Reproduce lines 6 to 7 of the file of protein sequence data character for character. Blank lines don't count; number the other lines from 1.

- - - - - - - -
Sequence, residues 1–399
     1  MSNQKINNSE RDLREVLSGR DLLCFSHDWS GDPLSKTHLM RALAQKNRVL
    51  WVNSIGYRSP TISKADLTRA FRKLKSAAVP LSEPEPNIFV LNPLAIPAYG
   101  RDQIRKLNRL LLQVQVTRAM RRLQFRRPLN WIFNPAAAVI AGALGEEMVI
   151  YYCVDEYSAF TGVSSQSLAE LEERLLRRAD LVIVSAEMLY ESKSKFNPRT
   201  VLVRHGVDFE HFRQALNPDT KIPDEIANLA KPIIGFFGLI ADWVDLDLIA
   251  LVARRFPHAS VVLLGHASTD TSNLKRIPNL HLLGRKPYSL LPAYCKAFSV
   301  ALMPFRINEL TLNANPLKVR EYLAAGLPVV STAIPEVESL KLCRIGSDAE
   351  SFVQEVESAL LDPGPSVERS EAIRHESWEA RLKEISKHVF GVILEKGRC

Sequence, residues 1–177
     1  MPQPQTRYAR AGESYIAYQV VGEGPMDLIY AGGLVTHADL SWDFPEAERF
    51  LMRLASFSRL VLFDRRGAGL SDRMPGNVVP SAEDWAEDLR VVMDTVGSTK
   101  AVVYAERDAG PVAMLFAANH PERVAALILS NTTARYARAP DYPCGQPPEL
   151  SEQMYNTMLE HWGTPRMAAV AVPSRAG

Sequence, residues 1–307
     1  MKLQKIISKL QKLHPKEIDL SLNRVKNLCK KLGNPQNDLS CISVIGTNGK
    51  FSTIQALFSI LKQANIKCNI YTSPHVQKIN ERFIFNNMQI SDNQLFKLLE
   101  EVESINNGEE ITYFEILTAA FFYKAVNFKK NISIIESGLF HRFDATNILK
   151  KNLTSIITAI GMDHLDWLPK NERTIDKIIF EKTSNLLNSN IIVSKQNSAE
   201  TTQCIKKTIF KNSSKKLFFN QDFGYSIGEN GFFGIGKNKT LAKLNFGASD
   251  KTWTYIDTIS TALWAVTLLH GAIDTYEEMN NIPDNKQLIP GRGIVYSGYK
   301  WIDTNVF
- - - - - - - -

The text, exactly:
   201  VLVRHGVDFE HFRQALNPDT KIPDEIANLA KPIIGFFGLI ADWVDLDLIA
   251  LVARRFPHAS VVLLGHASTD TSNLKRIPNL HLLGRKPYSL LPAYCKAFSV